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Cherokee Rose (Real Women of the American West, Book 3) Kindle Edition
"Children of Blood and Bone"
Tomi Adeyemi conjures a stunning world of dark magic and danger in her West African-inspired fantasy debut. Learn more
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The ‘quality’ of the writing is another thing. ‘Good writing’, for me, is writing which involves my mind in the story. Skillful use of language is, of course, important for this, but the illusion of reality in both the characters or the plot is probably even more critical. Unfortunately for me, almost all genre literature which is currently being written fails to create this ‘illusion of reality’ in either the characters or the plot, and therefore I find it boring.
But, of late, I have found a genre that seems to work the way it should for me, at least a lot of the time. It takes me out of my own life and time and puts me in a world where the problems (although familiar and understandable) don’t seem insurmountable. It is actually what I guess I would call a ‘sub-genre’, fiction about late nineteenth century women on what was still pretty much the ‘frontier’, the next generation after pioneers. They are individual problems about family and about economic survival, very familiar types of problems, but seen through eyes that seem fresher. The stories always turn out the way the reader hopes they will, and all the same they are believable.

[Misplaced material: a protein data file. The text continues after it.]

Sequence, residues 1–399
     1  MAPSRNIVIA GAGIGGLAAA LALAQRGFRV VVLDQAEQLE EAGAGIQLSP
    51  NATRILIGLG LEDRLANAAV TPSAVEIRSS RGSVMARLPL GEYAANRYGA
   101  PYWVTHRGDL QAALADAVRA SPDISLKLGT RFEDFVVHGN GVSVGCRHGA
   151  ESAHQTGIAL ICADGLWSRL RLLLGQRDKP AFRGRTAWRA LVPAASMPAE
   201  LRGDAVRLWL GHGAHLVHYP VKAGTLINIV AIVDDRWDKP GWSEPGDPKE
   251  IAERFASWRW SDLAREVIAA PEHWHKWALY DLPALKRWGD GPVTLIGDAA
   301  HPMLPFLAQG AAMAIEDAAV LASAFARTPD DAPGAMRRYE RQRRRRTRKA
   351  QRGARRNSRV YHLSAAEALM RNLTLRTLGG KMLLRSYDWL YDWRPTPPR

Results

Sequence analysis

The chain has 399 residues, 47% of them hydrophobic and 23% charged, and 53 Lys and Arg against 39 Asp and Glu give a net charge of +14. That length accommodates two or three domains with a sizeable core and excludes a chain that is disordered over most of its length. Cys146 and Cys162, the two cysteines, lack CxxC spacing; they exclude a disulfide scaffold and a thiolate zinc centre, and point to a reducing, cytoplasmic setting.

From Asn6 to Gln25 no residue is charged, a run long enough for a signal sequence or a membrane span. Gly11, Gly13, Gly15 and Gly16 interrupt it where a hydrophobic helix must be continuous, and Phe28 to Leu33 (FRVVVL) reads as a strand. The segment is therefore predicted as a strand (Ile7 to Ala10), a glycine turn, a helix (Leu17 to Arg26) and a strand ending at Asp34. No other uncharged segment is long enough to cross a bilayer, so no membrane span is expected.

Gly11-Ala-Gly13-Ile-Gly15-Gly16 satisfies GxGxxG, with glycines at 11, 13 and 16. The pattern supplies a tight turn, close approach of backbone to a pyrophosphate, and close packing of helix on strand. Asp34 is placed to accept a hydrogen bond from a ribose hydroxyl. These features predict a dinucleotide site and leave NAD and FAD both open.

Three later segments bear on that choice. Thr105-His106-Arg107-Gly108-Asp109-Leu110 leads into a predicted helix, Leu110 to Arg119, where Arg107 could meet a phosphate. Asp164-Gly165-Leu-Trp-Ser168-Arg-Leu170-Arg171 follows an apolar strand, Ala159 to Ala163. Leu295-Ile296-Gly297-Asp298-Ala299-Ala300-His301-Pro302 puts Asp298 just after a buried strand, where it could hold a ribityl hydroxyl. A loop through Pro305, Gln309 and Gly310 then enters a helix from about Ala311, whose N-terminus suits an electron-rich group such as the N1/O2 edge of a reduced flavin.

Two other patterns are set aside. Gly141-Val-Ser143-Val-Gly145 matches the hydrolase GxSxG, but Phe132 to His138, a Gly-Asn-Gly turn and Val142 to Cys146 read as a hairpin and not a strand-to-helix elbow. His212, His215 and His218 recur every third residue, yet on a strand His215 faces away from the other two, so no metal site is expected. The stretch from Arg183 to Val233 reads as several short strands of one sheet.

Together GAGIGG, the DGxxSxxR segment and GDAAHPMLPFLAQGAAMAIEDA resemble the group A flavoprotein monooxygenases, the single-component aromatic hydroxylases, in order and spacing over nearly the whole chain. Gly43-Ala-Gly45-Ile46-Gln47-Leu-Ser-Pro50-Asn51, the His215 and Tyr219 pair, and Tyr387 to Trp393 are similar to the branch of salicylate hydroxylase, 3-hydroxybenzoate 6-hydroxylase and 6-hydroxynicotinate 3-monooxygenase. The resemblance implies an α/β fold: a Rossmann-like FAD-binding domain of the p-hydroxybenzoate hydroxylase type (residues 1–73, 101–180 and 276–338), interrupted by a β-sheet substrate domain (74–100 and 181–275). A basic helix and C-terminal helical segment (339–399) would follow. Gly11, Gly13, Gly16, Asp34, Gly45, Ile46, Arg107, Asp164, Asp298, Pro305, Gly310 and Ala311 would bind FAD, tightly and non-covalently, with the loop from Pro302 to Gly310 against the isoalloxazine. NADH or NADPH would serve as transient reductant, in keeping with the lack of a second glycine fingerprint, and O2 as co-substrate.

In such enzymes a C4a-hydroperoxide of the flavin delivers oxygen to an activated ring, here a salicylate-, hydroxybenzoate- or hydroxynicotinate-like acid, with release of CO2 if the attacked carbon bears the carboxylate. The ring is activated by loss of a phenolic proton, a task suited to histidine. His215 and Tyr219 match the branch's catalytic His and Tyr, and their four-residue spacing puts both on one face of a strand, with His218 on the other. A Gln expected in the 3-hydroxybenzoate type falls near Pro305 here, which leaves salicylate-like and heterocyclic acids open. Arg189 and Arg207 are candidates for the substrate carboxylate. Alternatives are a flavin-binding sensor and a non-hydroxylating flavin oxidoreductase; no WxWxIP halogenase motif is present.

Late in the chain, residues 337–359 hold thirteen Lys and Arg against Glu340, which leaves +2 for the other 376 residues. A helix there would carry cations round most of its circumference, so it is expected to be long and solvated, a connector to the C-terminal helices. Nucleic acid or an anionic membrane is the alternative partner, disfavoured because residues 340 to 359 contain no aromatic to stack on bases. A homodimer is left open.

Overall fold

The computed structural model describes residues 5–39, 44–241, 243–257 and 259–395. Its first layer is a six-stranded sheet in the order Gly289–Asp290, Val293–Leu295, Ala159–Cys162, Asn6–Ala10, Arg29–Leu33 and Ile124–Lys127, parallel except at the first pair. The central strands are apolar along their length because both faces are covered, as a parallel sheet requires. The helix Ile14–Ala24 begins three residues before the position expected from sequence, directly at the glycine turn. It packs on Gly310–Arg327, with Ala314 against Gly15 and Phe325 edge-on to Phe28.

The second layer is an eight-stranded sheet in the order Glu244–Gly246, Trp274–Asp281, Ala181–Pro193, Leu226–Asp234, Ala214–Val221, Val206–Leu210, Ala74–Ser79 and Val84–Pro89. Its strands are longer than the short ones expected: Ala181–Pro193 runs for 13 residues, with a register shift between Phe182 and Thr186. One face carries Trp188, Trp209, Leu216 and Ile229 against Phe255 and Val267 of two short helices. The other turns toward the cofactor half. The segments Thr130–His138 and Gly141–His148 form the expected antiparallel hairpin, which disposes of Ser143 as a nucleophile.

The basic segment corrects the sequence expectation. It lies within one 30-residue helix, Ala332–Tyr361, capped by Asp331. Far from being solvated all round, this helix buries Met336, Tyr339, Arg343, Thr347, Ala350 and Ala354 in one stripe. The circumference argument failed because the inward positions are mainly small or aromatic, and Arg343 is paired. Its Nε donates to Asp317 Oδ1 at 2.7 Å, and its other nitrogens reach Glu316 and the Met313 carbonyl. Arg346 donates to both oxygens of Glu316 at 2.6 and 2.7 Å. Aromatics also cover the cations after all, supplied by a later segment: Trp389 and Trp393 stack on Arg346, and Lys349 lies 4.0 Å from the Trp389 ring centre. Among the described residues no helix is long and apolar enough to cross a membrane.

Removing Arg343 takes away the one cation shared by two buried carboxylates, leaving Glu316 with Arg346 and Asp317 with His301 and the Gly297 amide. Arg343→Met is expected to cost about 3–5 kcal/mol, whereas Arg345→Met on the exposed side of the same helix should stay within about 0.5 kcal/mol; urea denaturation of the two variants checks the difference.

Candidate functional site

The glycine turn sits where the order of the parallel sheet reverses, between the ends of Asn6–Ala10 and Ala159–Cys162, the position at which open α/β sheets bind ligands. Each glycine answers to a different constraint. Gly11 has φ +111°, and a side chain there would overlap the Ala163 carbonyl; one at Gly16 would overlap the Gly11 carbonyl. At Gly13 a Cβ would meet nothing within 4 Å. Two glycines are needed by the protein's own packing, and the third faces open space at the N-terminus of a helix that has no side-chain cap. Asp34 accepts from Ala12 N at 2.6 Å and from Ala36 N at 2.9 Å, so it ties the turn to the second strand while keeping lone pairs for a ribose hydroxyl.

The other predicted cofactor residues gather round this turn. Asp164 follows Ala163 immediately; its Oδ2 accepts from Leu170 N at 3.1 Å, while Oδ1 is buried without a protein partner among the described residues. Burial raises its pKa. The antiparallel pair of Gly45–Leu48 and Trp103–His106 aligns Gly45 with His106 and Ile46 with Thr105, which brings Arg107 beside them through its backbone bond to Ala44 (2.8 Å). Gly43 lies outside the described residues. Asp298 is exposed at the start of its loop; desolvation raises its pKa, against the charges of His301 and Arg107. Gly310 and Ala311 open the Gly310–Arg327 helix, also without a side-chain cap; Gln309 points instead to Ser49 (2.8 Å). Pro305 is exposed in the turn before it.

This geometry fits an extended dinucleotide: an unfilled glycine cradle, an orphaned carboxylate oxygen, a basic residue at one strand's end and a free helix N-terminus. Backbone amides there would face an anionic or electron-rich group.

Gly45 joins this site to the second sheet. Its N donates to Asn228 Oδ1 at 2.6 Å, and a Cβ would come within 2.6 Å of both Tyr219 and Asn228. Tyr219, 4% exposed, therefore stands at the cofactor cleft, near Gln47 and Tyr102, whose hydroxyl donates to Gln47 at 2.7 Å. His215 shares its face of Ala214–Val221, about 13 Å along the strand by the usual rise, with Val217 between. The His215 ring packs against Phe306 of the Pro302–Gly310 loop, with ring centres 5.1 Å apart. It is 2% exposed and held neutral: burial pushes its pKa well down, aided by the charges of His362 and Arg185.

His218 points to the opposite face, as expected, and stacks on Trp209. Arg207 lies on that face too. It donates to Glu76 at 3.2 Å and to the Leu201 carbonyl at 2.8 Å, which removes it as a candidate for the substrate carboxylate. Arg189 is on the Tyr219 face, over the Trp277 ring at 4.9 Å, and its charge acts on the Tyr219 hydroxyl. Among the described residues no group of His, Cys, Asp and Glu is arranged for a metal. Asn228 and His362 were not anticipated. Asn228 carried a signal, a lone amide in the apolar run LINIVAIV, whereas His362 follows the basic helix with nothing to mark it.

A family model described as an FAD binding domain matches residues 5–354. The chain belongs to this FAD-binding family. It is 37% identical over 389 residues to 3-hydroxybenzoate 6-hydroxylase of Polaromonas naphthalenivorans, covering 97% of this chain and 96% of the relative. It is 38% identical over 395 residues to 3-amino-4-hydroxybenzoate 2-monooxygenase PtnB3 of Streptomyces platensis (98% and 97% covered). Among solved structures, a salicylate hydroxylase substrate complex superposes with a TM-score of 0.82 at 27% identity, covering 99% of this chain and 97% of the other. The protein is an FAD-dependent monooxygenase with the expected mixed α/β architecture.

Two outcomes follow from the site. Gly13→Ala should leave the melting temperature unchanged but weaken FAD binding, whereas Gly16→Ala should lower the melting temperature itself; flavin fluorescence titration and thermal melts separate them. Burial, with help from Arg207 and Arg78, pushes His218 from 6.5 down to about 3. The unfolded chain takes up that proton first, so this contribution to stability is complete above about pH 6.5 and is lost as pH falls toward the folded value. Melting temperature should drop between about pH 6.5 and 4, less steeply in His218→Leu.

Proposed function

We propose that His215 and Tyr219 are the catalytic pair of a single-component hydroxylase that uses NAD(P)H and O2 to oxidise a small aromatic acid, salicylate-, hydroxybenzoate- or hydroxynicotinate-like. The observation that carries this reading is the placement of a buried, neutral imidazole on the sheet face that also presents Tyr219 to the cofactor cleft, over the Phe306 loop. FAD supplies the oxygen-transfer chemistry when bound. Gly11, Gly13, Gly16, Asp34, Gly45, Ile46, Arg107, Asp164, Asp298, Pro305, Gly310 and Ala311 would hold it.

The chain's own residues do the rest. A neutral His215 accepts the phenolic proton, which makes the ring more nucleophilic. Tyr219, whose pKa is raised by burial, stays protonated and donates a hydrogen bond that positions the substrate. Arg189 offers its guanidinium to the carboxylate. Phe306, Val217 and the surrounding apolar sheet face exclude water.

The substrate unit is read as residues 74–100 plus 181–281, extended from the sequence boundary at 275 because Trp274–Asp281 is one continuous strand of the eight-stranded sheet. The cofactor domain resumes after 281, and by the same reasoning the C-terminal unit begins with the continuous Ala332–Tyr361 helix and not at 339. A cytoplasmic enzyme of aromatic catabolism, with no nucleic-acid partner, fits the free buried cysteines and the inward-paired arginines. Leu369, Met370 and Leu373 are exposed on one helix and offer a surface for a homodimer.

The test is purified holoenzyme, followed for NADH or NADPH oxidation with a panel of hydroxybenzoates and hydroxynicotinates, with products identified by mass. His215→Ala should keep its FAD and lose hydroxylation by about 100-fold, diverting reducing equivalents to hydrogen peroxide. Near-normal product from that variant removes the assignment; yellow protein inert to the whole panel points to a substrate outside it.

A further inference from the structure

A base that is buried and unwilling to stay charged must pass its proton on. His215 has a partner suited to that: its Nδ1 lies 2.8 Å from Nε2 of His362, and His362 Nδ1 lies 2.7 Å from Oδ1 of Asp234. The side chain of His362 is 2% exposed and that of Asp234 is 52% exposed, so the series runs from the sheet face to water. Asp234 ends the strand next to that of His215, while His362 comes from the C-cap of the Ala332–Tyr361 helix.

This book, ‘Cherokee Rose’ may be my favorite example of this type of book. It was surprisingly exciting for me to read it. It is possible that the use of the name ‘Cherokee’, which the main protagonist adopted, but which my parents gave to me, helped me identify with the girl who learned to rope cattle so well that she was invited to tea with Theodore Roosevelt, but I don’t think so. I liked the first part of the book when she was called ‘Thomasina’ even better than the part about her career in the show business of the times. It made me believe in a world where there was room for many more ambitions than the current world seems to recognize. It was a world where being a ‘lady’ was, if anything, an even more suffocating experience for many people than going through the requisite sixteen or more years of formal education is today, but some women didn’t feel they had to be ‘ladies’. Ambition and excitement wasn’t all about money.
I’ve been reading a lot of fiction lately, because I seem to need to read fiction. This relatively simple story of a girl from Oklahoma at the cusp of the twentieth century was the most enjoyable example of fiction I have found.